These researchers “have come up with a 3D printing workflow which creates models of individual patients’ aortic valves using CT scan data, in addition to a ‘sizer’ device which helps cardiologists determine the proper valve size.”
As Dr. James Weaver, Senior Research Scientist at the Wyss Institute explains: “If you buy a pair of shoes online without trying them on first, there’s a good chance they’re not going to fit properly. Sizing replacement TAVR valves poses a similar problem, in that doctors don’t get the opportunity to evaluate how a specific valve size will fit with a patient’s anatomy before surgery. Our integrative 3D printing and valve sizing system provides a customized report of every patient’s unique aortic valve shape, removing a lot of the guesswork and helping each patient receive a more accurately sized valve.”
The researchers “created a software program which uses parametric modeling to generate virtual 3D models of the leaflets using seven coordinates on each patient’s valve that are visible on CT scans. The 3D models were then merged with the CT data and adjusted so they fit into the valve correctly. The resulting model, which incorporates the leaflets and their calcified deposits, was then 3D printed in multiple materials.”
“The system successfully predicted leak outcome in 60 to 73% of the patients, depending on the type of valve each patient had received, and determined 60% of the patients had received the correctly sized valve.”
Other health issues were also tackled:
Motherboard reports on an interesting project developed by LSU Engineering Student Meagan Moore. Moore has created a full-sized 3D printed human body model made from bioplastic. Dubbed ‘Marie,’ this medical model stands at five-foot-one and weighs fifteen pounds.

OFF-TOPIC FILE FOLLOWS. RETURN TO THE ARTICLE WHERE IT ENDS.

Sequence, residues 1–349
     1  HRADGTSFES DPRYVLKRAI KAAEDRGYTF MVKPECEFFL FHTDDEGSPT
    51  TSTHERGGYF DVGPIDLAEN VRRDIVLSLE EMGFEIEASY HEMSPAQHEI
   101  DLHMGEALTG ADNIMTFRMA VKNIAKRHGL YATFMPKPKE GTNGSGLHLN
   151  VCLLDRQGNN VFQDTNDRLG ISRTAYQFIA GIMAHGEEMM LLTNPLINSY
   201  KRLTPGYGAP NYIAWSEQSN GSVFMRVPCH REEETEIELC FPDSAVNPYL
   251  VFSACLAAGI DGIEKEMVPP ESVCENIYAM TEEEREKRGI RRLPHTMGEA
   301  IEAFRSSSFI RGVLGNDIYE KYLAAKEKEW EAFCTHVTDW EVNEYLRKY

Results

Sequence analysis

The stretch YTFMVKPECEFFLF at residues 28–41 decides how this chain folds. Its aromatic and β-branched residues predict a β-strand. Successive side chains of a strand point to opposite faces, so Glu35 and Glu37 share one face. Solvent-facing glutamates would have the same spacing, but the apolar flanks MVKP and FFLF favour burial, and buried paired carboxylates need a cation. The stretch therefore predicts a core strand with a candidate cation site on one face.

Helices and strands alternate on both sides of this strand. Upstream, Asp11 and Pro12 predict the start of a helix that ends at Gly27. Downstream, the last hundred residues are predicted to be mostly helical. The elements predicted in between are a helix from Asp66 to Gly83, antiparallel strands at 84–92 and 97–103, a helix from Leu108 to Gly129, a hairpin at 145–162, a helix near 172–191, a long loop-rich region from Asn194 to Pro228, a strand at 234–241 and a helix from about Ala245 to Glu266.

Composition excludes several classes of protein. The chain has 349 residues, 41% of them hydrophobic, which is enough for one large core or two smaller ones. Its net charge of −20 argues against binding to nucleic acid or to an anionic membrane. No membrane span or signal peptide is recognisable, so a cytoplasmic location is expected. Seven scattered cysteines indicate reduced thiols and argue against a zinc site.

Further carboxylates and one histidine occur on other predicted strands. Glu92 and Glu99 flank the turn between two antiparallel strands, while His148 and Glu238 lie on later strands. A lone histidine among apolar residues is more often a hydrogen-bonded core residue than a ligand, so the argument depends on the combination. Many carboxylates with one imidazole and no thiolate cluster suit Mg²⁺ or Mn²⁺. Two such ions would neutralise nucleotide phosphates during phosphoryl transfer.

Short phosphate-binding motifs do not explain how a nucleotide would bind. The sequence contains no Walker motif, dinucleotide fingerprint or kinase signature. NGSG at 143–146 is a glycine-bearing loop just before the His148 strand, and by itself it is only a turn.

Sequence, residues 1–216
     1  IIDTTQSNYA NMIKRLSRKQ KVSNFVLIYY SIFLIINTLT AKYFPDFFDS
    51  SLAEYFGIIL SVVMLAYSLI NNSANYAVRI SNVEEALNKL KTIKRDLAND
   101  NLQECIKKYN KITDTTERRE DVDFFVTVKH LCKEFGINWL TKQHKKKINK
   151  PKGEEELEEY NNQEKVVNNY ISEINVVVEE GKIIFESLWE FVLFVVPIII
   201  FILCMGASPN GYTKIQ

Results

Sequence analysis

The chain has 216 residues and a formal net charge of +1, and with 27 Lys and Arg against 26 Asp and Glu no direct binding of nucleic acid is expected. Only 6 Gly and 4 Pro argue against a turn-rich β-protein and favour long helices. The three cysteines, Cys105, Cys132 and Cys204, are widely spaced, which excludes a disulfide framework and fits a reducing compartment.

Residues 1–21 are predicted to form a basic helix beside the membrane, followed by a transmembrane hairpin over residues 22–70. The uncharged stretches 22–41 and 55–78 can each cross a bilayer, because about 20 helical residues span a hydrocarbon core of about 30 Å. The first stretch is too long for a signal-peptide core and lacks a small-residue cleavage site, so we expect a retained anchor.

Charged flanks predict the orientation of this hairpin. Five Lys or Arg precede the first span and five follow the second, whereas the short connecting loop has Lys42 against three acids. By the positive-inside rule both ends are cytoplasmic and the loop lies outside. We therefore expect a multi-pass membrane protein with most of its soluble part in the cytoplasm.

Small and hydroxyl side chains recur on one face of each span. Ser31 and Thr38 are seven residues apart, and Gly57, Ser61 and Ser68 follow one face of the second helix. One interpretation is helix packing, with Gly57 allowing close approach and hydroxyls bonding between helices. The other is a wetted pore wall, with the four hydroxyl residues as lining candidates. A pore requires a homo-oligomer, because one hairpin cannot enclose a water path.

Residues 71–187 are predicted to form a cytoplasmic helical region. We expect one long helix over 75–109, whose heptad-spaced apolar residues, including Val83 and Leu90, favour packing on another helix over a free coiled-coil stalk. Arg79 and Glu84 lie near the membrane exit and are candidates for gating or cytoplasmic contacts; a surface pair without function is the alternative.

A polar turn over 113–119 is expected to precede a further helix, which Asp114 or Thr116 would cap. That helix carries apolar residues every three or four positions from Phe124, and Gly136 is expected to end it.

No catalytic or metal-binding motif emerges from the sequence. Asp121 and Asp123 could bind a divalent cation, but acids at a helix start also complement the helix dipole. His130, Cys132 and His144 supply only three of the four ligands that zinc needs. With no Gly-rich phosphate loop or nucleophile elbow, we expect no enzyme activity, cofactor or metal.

Marie was created in order to develop more effective radiation treatments for cancer – hence her name. (The model was named after Marie Curie, the famed radiation scientist.) Specifically, Marie will allow researchers in the future “to test real-time radiation exposure and figure out optimal radiation therapy dosing for treating conditions like cancer.” Marie “has a detachable head, and a 36-gallon water storage capacity for up to eight hours.”
Moore explains “Marie is the amalgamation of five full-body scans of women taken at Pennington Biomedical Research Center in Baton Rouge.” Following these full-body scans, “over the course of 136 hours, LSU’s BigRep Industrial 3D printer churned out Marie. But the 3D printer had to produce Marie in four chunks,” so Moore was forced to use “a combination of soldering, friction stir welding, and sandblasting” to piece Marie fully together. Obviously, Marie is far from the product of bioprinting – but she will greatly help research within the biomedical industry.
Indeed, according to Moore “Marie could potentially [help researchers develop] personalized treatments for people with complex forms of cancer. Children and breast cancer patients have really differing morphology, which is usually very difficult to treat. I find the more we learn about any body, the more complex it’s going to be. We’re still getting medicine wrong on a lot of levels. We have a lot to learn.”
3D printing and projects like Marie are already helping.
Finally, we wrap up our new year’s news tour with more medical and health device breakthroughs brought about by the wonders of additive manufacturing:
TCT Magazine was on hand at Autodesk University London 2018 when Disrupt Disability “unveiled the world’s first generatively designed modular wheelchair” prototype.